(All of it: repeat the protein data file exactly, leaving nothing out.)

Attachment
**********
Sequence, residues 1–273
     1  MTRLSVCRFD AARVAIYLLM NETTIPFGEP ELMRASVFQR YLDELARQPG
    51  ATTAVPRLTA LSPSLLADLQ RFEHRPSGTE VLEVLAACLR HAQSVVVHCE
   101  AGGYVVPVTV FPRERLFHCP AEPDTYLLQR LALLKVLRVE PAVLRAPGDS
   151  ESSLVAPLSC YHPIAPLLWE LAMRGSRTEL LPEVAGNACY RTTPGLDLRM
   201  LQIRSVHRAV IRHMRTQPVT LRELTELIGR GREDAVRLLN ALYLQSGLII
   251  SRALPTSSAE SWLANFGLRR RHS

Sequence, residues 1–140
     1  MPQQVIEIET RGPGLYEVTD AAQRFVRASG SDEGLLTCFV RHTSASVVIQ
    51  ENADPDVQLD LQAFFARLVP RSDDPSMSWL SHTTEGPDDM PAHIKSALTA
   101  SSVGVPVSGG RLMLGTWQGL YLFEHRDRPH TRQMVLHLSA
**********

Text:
Sequence, residues 1–273
     1  MTRLSVCRFD AARVAIYLLM NETTIPFGEP ELMRASVFQR YLDELARQPG
    51  ATTAVPRLTA LSPSLLADLQ RFEHRPSGTE VLEVLAACLR HAQSVVVHCE
   101  AGGYVVPVTV FPRERLFHCP AEPDTYLLQR LALLKVLRVE PAVLRAPGDS
   151  ESSLVAPLSC YHPIAPLLWE LAMRGSRTEL LPEVAGNACY RTTPGLDLRM
   201  LQIRSVHRAV IRHMRTQPVT LRELTELIGR GREDAVRLLN ALYLQSGLII
   251  SRALPTSSAE SWLANFGLRR RHS

Sequence, residues 1–140
     1  MPQQVIEIET RGPGLYEVTD AAQRFVRASG SDEGLLTCFV RHTSASVVIQ
    51  ENADPDVQLD LQAFFARLVP RSDDPSMSWL SHTTEGPDDM PAHIKSALTA
   101  SSVGVPVSGG RLMLGTWQGL YLFEHRDRPH TRQMVLHLSA